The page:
Tuesday, July 11, 2006

No evidence

Rabbi Ovadiah Yosef, in opposing the Gay Pride parade in Jerusalem:

"G-d preserves His people in the merit of [their] modesty, holiness and purity... The Torah commands not to commit the abominations of the Canaanites - such as men marrying men, women marrying women... They were evil people, abominable... They bring these evil people from all over the world to Jerusalem to defile it. All of us as one, we will all protest this with all our might. On the day they have it - we will make a demonstration, and everyone will be there..."

(from here)

The problem with this is that there is no evidence that the Canaanites ever did any such thing. There is no evidence that homosexuality was common anywhere in the middle east -- and there is sufficiently detailed archaeological evidence on what they did do (the clay tablets commonly used for writing in that part of the world in ancient times are remarkably durable) that we would know about it by now. In particular, there is no evidence for same-sex marriage. There is plenty that WAS done back then that is indeed abominable -- the Egyptians brother/sister marriages, the Canaanite's child sacrifices, and the use of ritual sex in temples devoted to idolatry -- but homosexuality in ancient times appears to have been common only in Greece. And even there, I've seen no evidence of same-sex marriage, even by Alexander the Great (the most notorious homosexual in ancient times, who nevertheless is generally treated favorably in Rabbinic sources).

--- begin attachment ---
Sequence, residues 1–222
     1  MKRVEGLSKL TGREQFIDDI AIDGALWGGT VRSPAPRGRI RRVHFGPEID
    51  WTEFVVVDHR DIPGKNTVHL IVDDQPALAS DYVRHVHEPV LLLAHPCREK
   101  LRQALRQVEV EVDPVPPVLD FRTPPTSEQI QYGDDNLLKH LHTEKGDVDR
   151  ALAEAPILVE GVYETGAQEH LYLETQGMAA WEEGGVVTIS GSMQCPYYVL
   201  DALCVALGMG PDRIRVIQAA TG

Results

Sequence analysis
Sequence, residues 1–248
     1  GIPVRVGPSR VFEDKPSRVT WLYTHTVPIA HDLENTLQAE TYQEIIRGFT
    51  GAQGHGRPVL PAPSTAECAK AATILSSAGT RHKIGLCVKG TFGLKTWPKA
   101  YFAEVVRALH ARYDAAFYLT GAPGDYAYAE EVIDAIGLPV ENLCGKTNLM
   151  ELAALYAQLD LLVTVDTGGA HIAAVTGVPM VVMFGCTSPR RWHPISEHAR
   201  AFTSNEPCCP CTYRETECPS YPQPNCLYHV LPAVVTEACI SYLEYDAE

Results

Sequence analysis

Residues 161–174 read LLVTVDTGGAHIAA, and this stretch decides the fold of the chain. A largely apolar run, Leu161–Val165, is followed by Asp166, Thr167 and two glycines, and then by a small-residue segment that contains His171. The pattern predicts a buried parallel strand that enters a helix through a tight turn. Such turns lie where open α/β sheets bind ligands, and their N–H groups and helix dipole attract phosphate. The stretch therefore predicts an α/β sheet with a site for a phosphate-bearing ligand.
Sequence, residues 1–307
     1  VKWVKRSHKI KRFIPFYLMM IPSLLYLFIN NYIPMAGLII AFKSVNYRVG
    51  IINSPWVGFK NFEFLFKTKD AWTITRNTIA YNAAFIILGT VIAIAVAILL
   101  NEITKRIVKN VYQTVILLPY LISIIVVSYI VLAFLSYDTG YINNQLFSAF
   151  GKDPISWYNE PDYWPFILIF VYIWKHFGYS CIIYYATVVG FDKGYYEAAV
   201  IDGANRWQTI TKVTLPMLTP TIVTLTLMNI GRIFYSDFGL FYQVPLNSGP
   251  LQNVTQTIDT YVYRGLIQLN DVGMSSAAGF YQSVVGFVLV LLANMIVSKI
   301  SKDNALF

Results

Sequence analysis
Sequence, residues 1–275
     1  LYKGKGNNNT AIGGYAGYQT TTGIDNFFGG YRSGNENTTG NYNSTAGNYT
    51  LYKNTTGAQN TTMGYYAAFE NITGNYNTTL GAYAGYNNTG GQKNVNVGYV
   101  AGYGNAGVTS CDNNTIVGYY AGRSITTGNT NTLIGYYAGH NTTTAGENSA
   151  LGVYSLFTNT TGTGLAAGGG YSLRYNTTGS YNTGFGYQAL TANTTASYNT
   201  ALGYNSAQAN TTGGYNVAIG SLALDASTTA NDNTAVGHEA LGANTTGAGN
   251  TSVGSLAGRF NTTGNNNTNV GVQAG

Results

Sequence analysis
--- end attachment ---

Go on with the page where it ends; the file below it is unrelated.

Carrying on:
Rabbi Yosef knows more Torah than I will know in five lifetimes. He certainly has the right to oppose the parade. But why does he have to use arguments with facts that don't pan out?

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